While the CMA and the federal government appear to be addressing the 67th Call to Action, it is unclear whether the report will include a plan to address the financial costs of repatriation. Returning artifacts to First Nations communities costs tens of thousands of dollars, especially when dealing with large, fragile artifacts, such as totem poles. There are also costs associated with the ceremonies conducted when important artifacts or ancestral remains leave a museum and again when they arrive at their traditional ancestral home. The only province that currently offers financial support specifically for the repatriation of Indigenous artifacts is British Columbia. In 2016, the government provided “$2-million investment over three years to the Royal BC Museum for repatriation activities. The result of this funding was the release of a repatriation handbook created by the Royal BC Museum in conjunction with the Haida Gwaii Museum to repatriate their artifacts. The handbooks provide “support communities and museums that are in the beginning stages of planning for repatriation in BC and at national and international levels.” In June of this year, the provincial government further supported the repatriation process by providing $500,000 to the BC Museum Association specifically to support indigenous communities looking to repatriate their artifacts.

Currently, Indigenous groups are limited in their abilities to reclaim stolen artifacts due to insufficient funding and a lack of standardized processes. It is unclear what recommendation will emerge from the CMA’s ongoing review of the repatriation process in Canada, and whether their recommendation will be financially feasible. However, the repatriation of artifacts is a vital part of reconciliation in Canada, and as such, government and Indigenous groups both hope the recommendations will offer clear guidelines for museums and Indigenous people across the country.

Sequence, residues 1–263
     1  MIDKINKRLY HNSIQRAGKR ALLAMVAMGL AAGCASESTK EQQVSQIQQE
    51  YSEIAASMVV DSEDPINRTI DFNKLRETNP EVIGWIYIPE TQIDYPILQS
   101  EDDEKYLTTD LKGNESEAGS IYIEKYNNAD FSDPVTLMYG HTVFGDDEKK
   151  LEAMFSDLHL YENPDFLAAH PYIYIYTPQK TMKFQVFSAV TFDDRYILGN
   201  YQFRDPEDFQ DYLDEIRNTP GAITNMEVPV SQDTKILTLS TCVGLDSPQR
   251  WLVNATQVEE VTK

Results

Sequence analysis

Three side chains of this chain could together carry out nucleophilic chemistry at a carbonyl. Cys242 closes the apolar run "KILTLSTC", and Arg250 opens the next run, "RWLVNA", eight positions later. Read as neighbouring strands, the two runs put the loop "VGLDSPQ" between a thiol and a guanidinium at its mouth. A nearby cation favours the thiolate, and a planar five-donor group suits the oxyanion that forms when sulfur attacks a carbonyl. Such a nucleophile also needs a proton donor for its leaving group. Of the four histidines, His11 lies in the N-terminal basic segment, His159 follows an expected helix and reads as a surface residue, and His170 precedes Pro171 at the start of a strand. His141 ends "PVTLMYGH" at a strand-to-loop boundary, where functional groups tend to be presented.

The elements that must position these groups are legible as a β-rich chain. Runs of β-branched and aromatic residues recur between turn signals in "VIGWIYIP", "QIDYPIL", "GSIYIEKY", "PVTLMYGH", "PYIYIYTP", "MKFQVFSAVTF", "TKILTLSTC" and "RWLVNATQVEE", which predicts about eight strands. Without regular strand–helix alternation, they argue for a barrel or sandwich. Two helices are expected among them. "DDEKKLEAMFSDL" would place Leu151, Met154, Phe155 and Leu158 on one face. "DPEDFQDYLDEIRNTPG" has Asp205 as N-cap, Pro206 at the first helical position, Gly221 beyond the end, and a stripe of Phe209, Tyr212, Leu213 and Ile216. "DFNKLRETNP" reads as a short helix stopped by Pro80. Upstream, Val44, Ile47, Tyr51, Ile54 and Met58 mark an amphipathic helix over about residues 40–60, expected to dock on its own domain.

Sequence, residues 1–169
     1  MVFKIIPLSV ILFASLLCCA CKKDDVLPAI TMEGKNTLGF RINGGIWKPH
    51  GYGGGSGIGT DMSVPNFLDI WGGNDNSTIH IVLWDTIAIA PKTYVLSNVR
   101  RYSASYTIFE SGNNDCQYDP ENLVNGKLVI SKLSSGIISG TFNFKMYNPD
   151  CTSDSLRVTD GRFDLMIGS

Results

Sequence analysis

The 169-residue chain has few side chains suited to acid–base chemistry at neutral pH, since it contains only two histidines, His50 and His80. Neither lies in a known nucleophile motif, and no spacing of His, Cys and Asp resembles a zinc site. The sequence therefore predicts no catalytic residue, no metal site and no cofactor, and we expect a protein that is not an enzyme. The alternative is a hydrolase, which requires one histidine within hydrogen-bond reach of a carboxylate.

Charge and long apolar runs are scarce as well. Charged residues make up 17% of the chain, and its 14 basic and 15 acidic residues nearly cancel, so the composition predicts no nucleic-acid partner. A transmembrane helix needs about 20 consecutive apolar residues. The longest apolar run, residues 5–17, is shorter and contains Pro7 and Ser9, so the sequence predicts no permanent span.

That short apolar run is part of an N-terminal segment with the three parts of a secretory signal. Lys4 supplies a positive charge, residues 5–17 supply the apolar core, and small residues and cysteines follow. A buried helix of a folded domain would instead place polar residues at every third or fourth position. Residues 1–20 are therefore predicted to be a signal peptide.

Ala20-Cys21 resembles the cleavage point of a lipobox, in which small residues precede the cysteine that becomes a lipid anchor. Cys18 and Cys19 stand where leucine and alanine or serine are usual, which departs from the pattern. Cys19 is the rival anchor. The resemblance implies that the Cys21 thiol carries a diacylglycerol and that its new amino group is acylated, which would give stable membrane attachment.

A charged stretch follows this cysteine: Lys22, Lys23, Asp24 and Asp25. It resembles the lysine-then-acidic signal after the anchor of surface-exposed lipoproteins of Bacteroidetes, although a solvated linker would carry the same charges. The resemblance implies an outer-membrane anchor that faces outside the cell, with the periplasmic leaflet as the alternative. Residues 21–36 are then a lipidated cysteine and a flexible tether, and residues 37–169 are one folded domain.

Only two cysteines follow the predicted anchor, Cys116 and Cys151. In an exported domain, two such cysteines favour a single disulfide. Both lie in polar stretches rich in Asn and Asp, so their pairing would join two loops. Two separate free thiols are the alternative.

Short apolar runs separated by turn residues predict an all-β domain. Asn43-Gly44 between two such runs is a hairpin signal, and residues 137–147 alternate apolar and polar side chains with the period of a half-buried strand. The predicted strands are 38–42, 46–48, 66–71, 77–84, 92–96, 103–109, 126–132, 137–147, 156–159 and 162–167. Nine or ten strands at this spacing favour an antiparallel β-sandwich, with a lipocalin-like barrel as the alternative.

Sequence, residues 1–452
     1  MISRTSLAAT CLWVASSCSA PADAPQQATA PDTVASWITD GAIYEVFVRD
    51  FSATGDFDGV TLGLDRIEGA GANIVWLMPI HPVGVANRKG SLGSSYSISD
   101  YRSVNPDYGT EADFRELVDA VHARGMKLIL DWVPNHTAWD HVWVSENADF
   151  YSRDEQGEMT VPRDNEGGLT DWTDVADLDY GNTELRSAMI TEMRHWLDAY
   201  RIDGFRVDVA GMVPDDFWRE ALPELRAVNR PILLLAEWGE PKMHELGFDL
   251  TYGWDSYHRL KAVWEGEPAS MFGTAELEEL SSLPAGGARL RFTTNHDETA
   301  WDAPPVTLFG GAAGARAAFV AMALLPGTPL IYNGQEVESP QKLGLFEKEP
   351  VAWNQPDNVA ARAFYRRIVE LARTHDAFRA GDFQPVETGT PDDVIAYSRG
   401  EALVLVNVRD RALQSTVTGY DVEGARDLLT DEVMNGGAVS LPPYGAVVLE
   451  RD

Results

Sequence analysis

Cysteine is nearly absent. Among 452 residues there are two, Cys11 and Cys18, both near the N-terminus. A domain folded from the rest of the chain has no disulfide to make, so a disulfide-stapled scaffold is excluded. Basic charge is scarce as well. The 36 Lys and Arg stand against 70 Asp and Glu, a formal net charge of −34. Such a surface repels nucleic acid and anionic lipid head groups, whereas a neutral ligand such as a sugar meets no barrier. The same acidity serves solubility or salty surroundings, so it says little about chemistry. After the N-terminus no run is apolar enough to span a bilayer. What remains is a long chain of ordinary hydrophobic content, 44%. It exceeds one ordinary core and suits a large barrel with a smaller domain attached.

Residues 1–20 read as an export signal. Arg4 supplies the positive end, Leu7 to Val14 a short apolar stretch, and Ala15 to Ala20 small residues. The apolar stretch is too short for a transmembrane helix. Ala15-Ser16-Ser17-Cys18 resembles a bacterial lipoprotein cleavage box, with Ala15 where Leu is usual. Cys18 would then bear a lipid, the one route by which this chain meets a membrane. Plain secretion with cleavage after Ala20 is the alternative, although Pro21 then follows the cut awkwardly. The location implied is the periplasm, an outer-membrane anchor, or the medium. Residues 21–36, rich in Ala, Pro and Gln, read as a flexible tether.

1. Heritage Canada, 2020. Government of Canada Survey of Heritage Institutions, 2019. mandate-letter/mandate-letter-key-messages-facts.html

  2. The Truth and Reconciliation Commission, 2015.

  3. Article 67 of the Truth and Reconciliation Commissions 94 Calls to Action, 2015. For further readings:

  4. About the Canadian Museum Association-Reconciliation Program.

  5. Heritage Canada, 2020. Mandate Letter to the Minister of Canadian Heritage — Key messages and Facts (Unique Commitments). government/standing-committee-mandate-letter/mandate-letter-key-messages-facts.html

  6. About the Canadian Museum Association-Reconciliation Program.

  7. Meissner, 2019. For an example of the ceremonies necessary when taking down a totem pole: ceremony-outside-royal-bc-museum

  8. BC Gov News, 2020. Helping First Nations bring ancestors, belongings home:

  9. BC Gov News, 2020. Helping First Nations bring ancestors, belongings home:

  10. BC Gov News, 2020. Helping First Nations bring ancestors, belongings home:

  11. BC Gov News, 2020. Helping First Nations bring ancestors, belongings home:

  12. Rowley, 2020: Yahguudangang: A Haida Pole Returns Home:

  13. Image By Arnold C - Own work, Attribution,

bottom of page